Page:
The arrival of a new issue of CADS is always a treat. Geoff Bradley, the editor of this splendid fanzine, cunningly spaces out the issues so that they arrive infrequently but always seem to fill a long-felt need. Incredibly, we are now up to issue 84. I have every copy and they form an invaluable resource, with lots of information about vintage detective fiction that simply isn't available elsewhere. If you love Golden Age fiction, this is an indispensable publication. And it also carries a range of other material, including articles and reviews relating to contemporary books.
In this issue, I was delighted to see an essay by Mike Wilson on the subject of Michael Gilbert's plays. Mike invited me to join his students at Loughborough University in February for a Golden Age workshop. I also gave a talk. It was an enjoyable visit, and I never imagined at the time that it would be my one and only event outside Cheshire this year.
There are plenty of other interesting contributions. Philip Gooden, a thoughtful commentator as well as a crime novelist, writes about Lionel Davidson, while there are two typically snappy articles by Philip Scowcroft and a very interesting piece by Kate Jackson about an Australian mystery competition in the 1950s. Christine Poulson discusses Ethel Lina White and there's a reprint of an old essay by G.K. Chesterton about the Detection Club. Marvin Lachman's obituary column is full of interesting references and John Cooper writes interestingly about the short-lived writing career of Julie Burrows: the reasons why authors who have battled to achieve publication suddenly give up has always fascinated me, although we don't know why Burrows vanished from sight. There's a similar and much more recent mystery concerning Mary Moody, discussed by Lyn McConachie.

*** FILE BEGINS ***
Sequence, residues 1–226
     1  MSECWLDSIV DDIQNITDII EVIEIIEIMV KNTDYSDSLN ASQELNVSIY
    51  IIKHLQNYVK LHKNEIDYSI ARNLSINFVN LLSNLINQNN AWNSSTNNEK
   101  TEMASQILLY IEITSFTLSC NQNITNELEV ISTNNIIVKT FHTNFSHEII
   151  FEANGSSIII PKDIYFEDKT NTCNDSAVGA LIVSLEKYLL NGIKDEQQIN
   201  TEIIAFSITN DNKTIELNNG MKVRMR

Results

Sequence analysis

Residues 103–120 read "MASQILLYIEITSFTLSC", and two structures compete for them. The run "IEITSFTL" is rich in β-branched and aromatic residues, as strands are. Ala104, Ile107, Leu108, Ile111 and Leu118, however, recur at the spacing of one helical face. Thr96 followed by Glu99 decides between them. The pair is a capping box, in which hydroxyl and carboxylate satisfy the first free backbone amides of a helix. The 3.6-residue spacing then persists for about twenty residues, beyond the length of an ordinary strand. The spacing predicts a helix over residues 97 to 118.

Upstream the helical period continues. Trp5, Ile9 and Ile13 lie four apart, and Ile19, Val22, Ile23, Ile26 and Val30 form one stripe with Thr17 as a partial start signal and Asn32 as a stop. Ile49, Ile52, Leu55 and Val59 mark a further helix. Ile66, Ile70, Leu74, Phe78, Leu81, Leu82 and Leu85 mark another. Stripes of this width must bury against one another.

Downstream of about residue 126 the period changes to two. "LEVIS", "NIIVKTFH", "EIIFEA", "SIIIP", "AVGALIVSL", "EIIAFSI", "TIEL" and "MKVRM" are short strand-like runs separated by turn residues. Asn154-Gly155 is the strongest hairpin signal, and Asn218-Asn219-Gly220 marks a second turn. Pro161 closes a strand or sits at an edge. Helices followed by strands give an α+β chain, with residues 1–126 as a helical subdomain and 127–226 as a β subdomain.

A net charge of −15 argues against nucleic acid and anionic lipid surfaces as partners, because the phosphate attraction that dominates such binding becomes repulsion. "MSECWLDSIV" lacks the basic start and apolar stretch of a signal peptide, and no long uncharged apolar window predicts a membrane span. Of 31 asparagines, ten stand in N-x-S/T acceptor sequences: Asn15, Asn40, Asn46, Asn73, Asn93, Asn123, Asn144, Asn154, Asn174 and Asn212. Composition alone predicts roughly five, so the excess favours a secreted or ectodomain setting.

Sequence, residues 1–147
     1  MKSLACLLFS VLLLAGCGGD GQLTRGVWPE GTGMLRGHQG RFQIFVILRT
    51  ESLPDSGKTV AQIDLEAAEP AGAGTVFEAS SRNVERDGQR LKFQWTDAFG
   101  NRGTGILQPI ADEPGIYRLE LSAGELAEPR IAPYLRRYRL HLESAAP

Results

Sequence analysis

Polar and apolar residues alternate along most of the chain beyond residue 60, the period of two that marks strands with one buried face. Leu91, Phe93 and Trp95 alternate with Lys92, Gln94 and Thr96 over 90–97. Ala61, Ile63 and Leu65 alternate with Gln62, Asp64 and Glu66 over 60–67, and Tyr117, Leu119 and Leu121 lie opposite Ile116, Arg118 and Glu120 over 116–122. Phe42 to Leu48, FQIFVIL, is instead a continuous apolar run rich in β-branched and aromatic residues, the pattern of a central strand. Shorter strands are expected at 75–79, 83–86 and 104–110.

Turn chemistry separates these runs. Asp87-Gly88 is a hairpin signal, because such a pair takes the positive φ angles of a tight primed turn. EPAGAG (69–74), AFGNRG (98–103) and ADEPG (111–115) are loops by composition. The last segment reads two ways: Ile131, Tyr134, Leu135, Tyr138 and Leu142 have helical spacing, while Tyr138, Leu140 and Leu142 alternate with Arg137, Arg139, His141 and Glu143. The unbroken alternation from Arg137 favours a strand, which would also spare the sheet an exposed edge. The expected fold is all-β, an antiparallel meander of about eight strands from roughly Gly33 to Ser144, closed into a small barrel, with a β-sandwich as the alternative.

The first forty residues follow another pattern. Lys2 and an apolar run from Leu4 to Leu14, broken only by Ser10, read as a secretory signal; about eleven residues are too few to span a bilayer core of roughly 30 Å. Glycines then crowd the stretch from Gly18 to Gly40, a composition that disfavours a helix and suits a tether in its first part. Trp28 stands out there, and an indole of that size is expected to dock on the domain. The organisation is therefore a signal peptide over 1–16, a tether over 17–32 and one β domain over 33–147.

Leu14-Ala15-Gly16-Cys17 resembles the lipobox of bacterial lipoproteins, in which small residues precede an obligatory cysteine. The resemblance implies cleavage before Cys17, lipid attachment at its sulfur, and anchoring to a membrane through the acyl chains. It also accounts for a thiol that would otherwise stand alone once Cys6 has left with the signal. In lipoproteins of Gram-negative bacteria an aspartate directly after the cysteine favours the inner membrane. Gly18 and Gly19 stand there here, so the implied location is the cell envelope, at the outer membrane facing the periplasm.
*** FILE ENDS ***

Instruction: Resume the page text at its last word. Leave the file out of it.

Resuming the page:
There's much else besides, including two essays by me. One discusses Howdunit. The other, much longer, is the most detailed examination to date of the career of Mary Kelly. I've included a lot of information supplied by Mary's husband Denis, with whom I've enjoyed a fascinating correspondence in recent years. My essay is really a tribute to him as well as to Mary.
CADS is an incredible resource, and it is wonderful that Geoff Bradley continues to publish the supplement and encourage so many learned writers to contribute! Thank you for the summary; as usual, this sounds like an intriguing mix of subjects and authors, with something for everyone on the GAD spectrum.
Yes, Geoff has done an amazing job for a very long time. The complete run of CADS is a remarkable achievement.
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